Figure 2
Meiotic defects in Tet1Gt/Gt oocytes

In normal meiosis, the axial element (AE) of synaptonemal complex (SC) starts to form at the leptotene stage, AE-alignment and synapsis formation are initiated at the zygotene stage and completed at the pachytene stage (Supplementary Fig. 7). However, loss function of Tet1 resulted in an increase in unpaired SC at zygotene stage oocytes (Fig. 2b, Supplementary Fig. 7). Despite the presence of Sycp3-positive AE, about 30% of zygonema contained less than 4 SYCP1-positive transverse filaments (TF) in Tet1Gt/Gt oocytes (Fig. 2b) suggesting a synapsis formation defect. Defects in synapsis formation were also observed in the pachytene stage Tet1Gt/Gt oocytes. In these oocytes, the great majority of their AE failed to align and remain separated from each other as univalent chromosomes (Fig. 2c, Supplementary Fig. 7). Continuous SYCP3 in short-stretches of SC indicates that those oocytes were at a stage corresponding to pachytene. Quantification of pachytene stage oocytes revealed that 92% of them have 0–4 univalent chromosomes in wild-type oocytes, but that number dropped to 62% in the Tet1Gt/Gt oocytes, which accompanies the increase of the oocytes with 5 or more univalent chromosomes (Fig. 2c). These results indicate that loss function of Tet1 impaired synapsis formation.

Since about 62% of pachytene stage oocytes are successful for AE pairing, we asked whether they exhibited other defects. At the early phase of meiosis, DNA double strand breaks (DSBs) are introduced in the initiation of homologous recombination, which can be detected by the presence of γH2AX1. As expected, immunostaining revealed the presence of γH2AX throughout the nucleoplasm from leptotene to zygotene stages in both wild-type and Tet1Gt/Gt oocytes (Supplementary Fig. 8). However, while γH2AX is gradually decreased around pachytene stage and only few foci remained associated with fully synapsed chromosome cores in wild-type oocytes, cloud-like nuclear staining of γH2AX remained in the Tet1Gt/Gt pachytene and even early diplotene stage oocytes marked by crossover-specific marker MLH113 (Fig. 2d, Supplementary Fig. 8). Analysis of γH2AX staining pattern and quantification of the three categories (negative, partially positive, and positive) (Supplementary Fig. 9) clearly demonstrated that Tet1 depletion caused accumulation of γH2AX in pachytene and early diplotene oocytes (Fig. 2e).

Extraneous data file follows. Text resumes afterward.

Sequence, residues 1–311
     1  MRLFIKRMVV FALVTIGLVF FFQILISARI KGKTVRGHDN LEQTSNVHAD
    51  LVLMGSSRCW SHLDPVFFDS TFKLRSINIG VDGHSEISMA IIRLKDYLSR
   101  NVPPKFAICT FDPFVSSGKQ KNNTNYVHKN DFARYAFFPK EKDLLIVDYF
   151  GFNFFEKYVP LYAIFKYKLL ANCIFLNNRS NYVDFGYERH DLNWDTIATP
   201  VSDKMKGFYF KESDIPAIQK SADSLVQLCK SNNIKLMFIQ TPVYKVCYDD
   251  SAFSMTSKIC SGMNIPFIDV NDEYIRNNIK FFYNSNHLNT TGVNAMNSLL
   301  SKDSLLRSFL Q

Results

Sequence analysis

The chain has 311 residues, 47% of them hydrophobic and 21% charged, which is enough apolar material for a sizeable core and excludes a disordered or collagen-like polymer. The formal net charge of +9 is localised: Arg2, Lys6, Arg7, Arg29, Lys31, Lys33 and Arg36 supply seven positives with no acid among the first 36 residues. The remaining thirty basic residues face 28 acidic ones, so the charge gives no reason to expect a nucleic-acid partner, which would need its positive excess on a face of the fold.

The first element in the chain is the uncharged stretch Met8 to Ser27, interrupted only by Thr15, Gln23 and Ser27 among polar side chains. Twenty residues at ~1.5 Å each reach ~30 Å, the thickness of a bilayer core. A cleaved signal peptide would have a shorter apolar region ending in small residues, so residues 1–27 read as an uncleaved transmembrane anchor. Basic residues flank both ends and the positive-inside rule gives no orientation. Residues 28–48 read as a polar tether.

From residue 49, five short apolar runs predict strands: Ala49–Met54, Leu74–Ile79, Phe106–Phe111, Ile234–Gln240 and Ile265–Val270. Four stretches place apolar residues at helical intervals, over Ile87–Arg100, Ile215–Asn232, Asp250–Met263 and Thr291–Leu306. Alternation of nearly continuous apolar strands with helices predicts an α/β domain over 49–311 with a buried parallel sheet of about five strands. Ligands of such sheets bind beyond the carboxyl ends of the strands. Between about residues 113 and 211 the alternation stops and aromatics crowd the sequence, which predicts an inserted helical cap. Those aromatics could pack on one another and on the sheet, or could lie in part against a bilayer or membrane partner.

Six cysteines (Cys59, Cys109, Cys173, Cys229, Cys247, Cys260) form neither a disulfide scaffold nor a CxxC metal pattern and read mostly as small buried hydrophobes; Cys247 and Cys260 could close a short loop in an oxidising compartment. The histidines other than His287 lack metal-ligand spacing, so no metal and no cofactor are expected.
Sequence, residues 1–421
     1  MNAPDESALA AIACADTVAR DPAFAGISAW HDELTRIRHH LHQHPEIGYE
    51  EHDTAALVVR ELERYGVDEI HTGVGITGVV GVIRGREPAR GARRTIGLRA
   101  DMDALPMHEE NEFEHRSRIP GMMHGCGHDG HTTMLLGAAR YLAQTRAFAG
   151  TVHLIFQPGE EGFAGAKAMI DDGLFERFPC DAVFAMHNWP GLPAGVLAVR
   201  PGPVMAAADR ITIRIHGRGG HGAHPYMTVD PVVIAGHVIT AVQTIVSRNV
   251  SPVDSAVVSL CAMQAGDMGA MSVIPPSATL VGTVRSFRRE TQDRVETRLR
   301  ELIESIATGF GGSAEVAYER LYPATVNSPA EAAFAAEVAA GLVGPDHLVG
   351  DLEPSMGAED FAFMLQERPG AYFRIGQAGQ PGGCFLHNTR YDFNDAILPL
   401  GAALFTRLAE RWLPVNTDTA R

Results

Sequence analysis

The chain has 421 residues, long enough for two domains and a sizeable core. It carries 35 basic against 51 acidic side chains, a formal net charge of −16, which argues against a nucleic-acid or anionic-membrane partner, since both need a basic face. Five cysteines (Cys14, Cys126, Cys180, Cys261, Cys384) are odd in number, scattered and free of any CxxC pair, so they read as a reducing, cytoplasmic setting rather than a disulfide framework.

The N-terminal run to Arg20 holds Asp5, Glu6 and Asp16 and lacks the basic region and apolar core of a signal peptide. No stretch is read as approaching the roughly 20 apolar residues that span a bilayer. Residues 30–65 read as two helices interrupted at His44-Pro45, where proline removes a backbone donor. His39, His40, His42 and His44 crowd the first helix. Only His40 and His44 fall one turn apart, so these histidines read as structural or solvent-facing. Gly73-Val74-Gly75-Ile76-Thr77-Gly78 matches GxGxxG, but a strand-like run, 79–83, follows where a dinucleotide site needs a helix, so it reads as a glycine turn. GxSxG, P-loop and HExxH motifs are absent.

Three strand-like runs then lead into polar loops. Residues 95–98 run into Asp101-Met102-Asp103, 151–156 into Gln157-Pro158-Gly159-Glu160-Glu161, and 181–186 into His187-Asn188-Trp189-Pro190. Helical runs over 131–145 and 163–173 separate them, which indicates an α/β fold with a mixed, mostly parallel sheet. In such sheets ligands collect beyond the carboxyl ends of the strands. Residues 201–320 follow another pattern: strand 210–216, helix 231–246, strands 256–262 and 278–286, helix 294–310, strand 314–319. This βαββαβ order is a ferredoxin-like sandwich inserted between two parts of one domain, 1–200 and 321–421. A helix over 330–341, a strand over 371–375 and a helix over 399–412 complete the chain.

The presence of γH2AX in late stage meiotic oocytes was also confirmed by co-staining of γH2AX with late stage meiosis marker Msy2 at E18.5 ovaries (Supplementary Fig. 10). Importantly, significant increase in γH2AX and cleaved Caspase3 double positive-cells were also observed (Supplementary Fig. 10b, c), suggesting that increase in apoptotic cell death is likely caused by meiotic defects. Consistent with a DSB repair defect, the DSB repair associated recombinase RAD511 remains in pachytene and diplotene oocytes (Supplementary Fig. 11). The presence of γH2AX and delayed removal of RAD51 in the chromosomes indicate that homologous recombination is impaired in Tet1Gt/Gt oocytes. Staining with the crossover mark MLH1 indicated that the MLH1 foci numbers are significantly reduced in Tet1Gt/Gt pachytene and early diplotene oocytes (Supplementary Fig. 12), further support a homologous recombination defect. Collectively, the above results support the notion that loss function of Tet1 leads to meiotic defects that include univalent chromosome formation, as well as DSB repair and homologous recombination defects.